Jason was the first one to learn ‘My First Rock Song’ during one of the weeks that Janea was away (she learned it the following week). I think that the lead in to this piece was a very good example of what Eric Booth is talking about when he says that “learning is a volitional act.” The lesson that day was very spontaneous. Jason asked many questions and I answered them with improvised, musical answers. For example, he mentioned how the thumb seems to attack more comfortable when it is the lower strings and when the motion is opposite to that of the other fingers. This was a very astute observation in itself and I was taken aback by his making it. Then, I decided to keep the momentum going by taking it one step further. I asked myself, “why not learn about the thumb now? He is asking good questions, what can I do with the thumb and open strings?”

So together we played a blues progression in A major, using the open bass strings, E, A and D. He did very well following along and asked, “Is this ‘My First Rock Song?’ I replied that it wasn’t and that we had just made it up together, then he asked me if we could learn ‘My First Rock Song’ today. Again, I decided to go with the momentum that Jason was providing and we learned ‘My First Rock Song’ together. The following week we reviewed and showed Janea how to play and sing the piece.

You Can’t do This With a Pick! – March 5th

Editor’s Note: This post is the twelfth in a series by MIE guided intern Devin Ulibarri. Devin is a first year graduate student of Eliot Fisk. His internship at the Wang YMCA is supported both by the MIE department and NEC Prep’s Community Engagement program. Read others in the series here.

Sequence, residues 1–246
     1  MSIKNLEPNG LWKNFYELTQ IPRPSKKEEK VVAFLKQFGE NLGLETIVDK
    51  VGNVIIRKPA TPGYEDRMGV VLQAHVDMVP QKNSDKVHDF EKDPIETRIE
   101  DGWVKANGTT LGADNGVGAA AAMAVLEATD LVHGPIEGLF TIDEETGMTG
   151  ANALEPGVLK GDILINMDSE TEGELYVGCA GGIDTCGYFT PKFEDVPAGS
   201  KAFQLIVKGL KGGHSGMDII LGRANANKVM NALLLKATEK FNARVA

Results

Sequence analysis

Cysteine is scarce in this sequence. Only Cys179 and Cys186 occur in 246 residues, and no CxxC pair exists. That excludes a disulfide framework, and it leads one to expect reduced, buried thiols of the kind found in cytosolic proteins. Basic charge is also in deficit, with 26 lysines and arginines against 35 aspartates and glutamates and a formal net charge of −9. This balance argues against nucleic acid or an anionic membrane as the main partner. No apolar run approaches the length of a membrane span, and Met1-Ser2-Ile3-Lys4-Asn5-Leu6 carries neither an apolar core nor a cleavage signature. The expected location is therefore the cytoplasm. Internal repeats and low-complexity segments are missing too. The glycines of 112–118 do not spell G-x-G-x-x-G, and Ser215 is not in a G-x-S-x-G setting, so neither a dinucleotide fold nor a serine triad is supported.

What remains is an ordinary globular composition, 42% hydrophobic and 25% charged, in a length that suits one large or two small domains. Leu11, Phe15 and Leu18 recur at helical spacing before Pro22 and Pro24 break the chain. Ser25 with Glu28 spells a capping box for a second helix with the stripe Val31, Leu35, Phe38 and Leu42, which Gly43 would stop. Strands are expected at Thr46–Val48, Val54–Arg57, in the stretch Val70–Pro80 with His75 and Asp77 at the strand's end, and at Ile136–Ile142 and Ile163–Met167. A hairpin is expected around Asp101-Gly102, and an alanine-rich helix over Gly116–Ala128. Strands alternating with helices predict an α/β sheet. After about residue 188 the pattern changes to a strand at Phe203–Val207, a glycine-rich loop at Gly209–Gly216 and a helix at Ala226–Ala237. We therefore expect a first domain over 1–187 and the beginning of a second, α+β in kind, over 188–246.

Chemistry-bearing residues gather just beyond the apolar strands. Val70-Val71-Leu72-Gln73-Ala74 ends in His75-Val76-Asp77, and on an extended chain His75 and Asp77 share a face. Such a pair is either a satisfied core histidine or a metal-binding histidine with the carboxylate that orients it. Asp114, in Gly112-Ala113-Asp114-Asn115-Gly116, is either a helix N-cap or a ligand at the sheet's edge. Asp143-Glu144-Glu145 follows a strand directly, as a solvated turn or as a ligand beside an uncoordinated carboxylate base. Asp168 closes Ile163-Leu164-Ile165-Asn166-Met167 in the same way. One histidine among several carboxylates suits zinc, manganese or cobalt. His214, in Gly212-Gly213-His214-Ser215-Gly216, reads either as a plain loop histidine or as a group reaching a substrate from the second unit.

Janea always asks very good questions. Today’s big question was, “why do you play with your fingers?” The simplest answer is that you can’t do what I do with a pick. I hope that my demonstration speaks for itself.

As for strumming – I think that is cool too and there are definitely sounds a pick can make that fingers can’t, but I think that there is a lot more benefit to be had from starting with finger-style, especially in the early stages since the possibilities are almost limitless.

The Ninja and Left Hand Fingers – March 5th, 2011

Editor’s Note: This post is the eleventh in a series by MIE guided intern Devin Ulibarri. Devin is a first year graduate student of Eliot Fisk. His internship at the Wang YMCA is supported both by the MIE department and NEC Prep’s Community Engagement program. Read others in the series here.

What’s up with “The Ninja?” The kids have some good guesses, but the thumb in the left hand is the ninja because it hides. This is an easy and fun way to learn a technique that will help Jason and Janea play with their fingers and produce simultaneous lines. The thumb must be behind the fretboard in order to support and allow the other fingers flexibility. I then take it one step further by challenging them to move up and down the fretboard.